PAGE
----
A new variant of the coronavirus was discovered in the United States, and seems to be even more contagious than both the South African and  British strain previously discovered, two studies revealed.
In the first study, scientists from Southern Illinois University identified a third US variant of COVID-19, that may be the most contagious strain yet, researchers said Thursday, adding it is believed to be responsible for up to 50% of all US cases.

“It’s here. We found it,” said Keith Gagnon, an associate professor of biochemistry at SIU Carbondale who discovered the new variant, referred to as 20C-US.

“It’s definitely home-grown and widespread, and we’re the first to characterize it,” Gagnon said, adding that its impact on vaccines is uncertain.
The homegrown mutation is hitting mostly the Midwest, researchers said in a press release, revealing that they traced back the strain to Texas, where it apparently first appeared in May.

“We have identified a new variant of the SARS-CoV-2 virus that emerged in the United States early in the coronavirus disease pandemic and has become one of the most prevalent US variants,” the release states.

“It might be more easily transmissible than other variants, and its impact on vaccines is uncertain,” the study said.

These findings were revealed a day after scientists from the Ohio State University Wexner Medical Center and College of Medicine discovered the new variant of SARS-Cov-2, identical to the UK strain, but likely arising in a virus strain already present in the United States.

The researchers also reported the evolution of another US strain, 20C-US, that acquired three other gene mutations not previously seen together in SARS-CoV2.

The results of the 20C-US study were published in the online journal bioRxiv.org on Wednesday.

“The big question is whether these mutations will render vaccines and current therapeutic approaches less effective,” said Peter Mohler, a co-author of the study and chief scientific officer at the Ohio State Wexner Medical Center and vice dean for research at the College of Medicine. “At this point, we have no data to believe that these mutations will have any impact on the effectiveness of vaccines now in use.”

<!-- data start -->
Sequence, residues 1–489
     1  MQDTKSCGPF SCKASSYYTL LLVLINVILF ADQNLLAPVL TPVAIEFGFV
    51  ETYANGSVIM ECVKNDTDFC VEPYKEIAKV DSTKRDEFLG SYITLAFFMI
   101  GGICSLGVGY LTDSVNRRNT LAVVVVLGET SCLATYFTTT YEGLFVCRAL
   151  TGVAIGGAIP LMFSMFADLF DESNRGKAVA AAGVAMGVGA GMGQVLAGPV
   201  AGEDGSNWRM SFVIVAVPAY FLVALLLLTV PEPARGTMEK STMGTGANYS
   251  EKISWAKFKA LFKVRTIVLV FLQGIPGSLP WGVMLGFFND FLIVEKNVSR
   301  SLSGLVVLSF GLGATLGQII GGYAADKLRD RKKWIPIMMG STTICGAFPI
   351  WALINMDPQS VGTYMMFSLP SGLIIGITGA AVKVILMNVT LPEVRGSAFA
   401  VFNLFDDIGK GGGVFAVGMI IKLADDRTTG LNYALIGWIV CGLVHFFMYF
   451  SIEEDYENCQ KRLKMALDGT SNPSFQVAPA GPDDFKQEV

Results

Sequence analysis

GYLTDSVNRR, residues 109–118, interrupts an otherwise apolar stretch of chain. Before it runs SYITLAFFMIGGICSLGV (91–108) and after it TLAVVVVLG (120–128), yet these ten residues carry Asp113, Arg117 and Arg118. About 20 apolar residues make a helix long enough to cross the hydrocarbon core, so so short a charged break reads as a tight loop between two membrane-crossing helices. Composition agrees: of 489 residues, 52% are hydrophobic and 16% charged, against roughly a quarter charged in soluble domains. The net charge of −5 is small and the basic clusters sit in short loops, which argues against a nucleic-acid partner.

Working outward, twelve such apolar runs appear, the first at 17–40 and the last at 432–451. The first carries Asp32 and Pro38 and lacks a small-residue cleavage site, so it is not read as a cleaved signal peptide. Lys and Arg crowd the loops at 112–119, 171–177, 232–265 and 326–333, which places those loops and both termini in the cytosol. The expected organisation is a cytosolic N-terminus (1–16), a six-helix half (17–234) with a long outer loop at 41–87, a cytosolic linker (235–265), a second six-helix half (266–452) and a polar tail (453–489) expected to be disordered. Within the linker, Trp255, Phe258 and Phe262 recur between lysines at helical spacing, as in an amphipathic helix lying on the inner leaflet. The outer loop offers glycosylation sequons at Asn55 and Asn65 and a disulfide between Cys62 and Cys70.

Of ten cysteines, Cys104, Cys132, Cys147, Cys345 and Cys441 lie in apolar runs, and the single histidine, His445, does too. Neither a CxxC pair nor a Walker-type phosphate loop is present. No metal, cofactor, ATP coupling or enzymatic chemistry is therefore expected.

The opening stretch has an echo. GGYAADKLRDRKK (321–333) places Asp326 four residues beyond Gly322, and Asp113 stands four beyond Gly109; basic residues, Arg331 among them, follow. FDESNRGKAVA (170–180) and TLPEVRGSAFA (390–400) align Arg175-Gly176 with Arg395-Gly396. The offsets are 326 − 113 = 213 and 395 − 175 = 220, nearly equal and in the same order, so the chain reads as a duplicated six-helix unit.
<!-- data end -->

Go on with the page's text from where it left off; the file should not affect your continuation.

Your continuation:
“It’s important that we don’t overreact to this new variant until we obtain additional data,” Mohler said. “We need to understand the impact of mutations on transmission of the virus, the prevalence of the strain in the population and whether it has a more significant impact on human health.”

“Further, it is critical that we continue to monitor the evolution of the virus, so we can understand the impact of the mutant forms on the design of both diagnostics and therapeutics. It is critical that we make decisions based on the best science.”

The scientists said that discovery of the Columbus variant, COH.20G/501Y, suggests that the same mutation may be occurring independently in multiple parts of the world during the past few months.
“Viruses naturally mutate and evolve over time, but the changes seen in the last two months have been more prominent than in the first months of the pandemic,” Jones said. His team has been conducting Ohio State’s genetic sequencing on environmental and patient SARS-CoV2 samples, and he’ll continue to monitor for changes as vaccination occurs.
The Centers for Disease Control and Prevention said last week that it had not seen the emergence of a highly contagious new US variant of the coronavirus. It noted, however, that there are probably many variants emerging around the globe.